Despite being a CEO, my daily schedule is not very glamorous as I work from home in athleisure attire most days. I commute 30 minutes to daycare despite working 10 feet down the hall, I work full-time hiding behind a MacBook pro daily. I cook dinner, clean and conduct my son’s bedtime routine in the evening, I sleep, wash rinse and repeat. Depending on deadlines, I often work over the weekends where I try to work during nap time, wake up early or stay up late. Currently, I live in Europe on a US military installation and my tiny apartment office doubles as a storage room as we didn’t have a choice in selecting our government furnished quarters. My family is looking forward to an upcoming relocation in 2020 and my hope is for a larger home so I can have a proper office.
Ok, thank you for that. Let’s now jump to the core of our discussion. This is probably intuitive to many, but it would be beneficial to spell it out. Based on your experience or research, can you flesh out why not spending time with your children can be detrimental to their development?
Looking at this issue from a micro perspective, my son misbehaves when he doesn’t have quality time with both parents. Dad travels for work trips and I sometimes work over the weekends. Our absence is always noted by my son and his behavior follows suit. I don’t know the long-term effects on childhood development, but it can’t be good.
On the flip side, can you give a few reasons or examples about why it is so important to make time to spend with your children?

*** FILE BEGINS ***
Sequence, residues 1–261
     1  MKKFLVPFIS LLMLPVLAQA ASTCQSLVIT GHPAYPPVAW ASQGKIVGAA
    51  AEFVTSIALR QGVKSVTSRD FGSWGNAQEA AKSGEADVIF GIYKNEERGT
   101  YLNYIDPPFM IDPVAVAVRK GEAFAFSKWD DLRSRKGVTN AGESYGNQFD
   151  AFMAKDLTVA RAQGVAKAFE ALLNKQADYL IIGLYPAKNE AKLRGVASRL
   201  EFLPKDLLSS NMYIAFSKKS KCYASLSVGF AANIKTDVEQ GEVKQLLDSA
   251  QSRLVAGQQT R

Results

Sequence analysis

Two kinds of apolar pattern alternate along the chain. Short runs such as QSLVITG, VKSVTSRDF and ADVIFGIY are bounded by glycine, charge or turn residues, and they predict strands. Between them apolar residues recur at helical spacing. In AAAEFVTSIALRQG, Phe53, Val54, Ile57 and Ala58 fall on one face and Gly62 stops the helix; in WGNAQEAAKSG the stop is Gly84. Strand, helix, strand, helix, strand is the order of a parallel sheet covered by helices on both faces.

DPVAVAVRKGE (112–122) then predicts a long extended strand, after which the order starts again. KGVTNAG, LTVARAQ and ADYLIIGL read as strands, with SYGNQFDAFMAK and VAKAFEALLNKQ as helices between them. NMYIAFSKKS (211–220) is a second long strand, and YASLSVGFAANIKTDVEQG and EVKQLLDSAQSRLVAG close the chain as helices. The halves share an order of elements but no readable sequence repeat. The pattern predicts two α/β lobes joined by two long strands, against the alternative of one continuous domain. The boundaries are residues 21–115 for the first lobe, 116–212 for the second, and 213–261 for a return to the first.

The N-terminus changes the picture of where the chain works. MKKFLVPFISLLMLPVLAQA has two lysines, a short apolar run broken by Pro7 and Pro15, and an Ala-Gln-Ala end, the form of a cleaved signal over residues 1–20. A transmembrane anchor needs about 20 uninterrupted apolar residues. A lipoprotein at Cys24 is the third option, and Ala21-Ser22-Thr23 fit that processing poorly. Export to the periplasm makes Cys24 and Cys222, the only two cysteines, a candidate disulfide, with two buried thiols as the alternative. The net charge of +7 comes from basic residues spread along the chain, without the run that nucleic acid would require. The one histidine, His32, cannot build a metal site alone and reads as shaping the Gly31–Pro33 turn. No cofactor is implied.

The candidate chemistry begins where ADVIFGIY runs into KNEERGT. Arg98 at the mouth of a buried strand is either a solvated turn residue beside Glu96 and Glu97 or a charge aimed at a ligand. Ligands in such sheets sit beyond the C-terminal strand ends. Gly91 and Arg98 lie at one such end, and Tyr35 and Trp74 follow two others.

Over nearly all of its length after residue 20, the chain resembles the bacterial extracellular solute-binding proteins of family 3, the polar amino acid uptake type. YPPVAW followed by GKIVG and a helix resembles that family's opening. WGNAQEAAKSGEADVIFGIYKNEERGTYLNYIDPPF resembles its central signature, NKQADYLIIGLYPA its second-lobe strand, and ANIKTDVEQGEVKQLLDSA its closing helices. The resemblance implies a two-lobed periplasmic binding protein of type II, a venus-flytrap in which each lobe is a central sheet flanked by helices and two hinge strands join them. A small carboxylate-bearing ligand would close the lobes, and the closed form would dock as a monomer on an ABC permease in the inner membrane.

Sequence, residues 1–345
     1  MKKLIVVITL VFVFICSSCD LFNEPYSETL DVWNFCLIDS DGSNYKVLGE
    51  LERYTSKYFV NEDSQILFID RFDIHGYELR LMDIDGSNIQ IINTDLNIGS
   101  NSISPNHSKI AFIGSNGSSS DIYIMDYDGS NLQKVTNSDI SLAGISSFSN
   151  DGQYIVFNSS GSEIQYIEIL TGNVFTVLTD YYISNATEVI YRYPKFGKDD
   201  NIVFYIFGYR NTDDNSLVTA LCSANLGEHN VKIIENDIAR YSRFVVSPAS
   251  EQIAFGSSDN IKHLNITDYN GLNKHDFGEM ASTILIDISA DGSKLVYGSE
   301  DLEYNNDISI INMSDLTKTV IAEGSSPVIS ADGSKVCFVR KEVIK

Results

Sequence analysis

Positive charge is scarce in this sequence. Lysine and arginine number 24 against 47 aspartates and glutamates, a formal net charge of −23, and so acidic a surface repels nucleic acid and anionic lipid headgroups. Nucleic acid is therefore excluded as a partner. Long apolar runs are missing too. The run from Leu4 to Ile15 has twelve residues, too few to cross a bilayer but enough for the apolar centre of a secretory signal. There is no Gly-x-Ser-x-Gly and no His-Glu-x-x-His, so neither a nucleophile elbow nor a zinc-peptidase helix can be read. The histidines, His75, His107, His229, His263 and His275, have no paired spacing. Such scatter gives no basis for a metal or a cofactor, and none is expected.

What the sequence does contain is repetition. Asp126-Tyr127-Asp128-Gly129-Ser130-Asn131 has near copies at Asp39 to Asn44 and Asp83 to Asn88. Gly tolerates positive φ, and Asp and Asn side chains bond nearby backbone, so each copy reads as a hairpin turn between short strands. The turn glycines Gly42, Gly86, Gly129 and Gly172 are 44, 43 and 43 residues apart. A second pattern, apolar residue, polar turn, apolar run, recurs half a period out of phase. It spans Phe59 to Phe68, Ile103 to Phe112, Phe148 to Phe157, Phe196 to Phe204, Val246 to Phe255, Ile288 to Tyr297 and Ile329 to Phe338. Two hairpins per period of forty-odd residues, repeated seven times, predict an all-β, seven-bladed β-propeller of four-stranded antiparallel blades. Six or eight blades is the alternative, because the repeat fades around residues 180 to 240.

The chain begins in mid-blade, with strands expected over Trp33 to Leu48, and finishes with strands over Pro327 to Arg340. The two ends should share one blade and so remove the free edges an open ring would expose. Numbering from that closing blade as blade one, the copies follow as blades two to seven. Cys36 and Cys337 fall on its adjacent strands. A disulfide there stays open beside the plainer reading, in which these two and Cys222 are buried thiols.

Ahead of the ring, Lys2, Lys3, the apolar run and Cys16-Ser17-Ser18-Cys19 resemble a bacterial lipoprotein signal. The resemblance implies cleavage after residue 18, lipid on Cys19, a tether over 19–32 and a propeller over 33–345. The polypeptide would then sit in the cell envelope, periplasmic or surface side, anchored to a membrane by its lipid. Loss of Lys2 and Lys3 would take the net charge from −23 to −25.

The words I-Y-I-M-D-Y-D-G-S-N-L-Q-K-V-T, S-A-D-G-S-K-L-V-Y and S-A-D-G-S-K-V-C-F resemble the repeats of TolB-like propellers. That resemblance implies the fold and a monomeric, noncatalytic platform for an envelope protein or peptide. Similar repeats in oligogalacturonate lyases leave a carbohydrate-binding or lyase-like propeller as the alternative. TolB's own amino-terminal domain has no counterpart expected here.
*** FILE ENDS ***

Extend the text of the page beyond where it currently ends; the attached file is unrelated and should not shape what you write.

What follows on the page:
Work isn’t everything. While I believe the concept of work/life balance has a different meaning for everyone, my definition includes spending quality time with family because quality time fills my cup. The times I treasure most rarely involve work accomplishments and always involve memories with my family. My goal in parenting is to raise good citizens, if I’m not spending time with my child and living by example who will my children emulate? I fear who children idolize in society without a strong parental foundation at home. Spending quality time with children is the best way to make a positive and long-lasting impression in their lives.
According to this study cited in the Washington Post, the quality of time spent with children is more important than the quantity of time. Can you give a 3–5 stories or examples from your own life about what you do to spend quality time with your children?
My son is 3 years old and we have a bedtime routine of eating dinner, taking a bath, telling bedtime stories in the dark and snuggling for a few minutes before he falls asleep. We used to read books together, but he would stockpile all the books in the house and make us read them ALL before bed. We found that turning off the lights and telling a new story every day worked better for us and stimulated his creativity. He loves to be a superhero and rescue his friends in the stories, and he gets really involved in helping drive the storylines.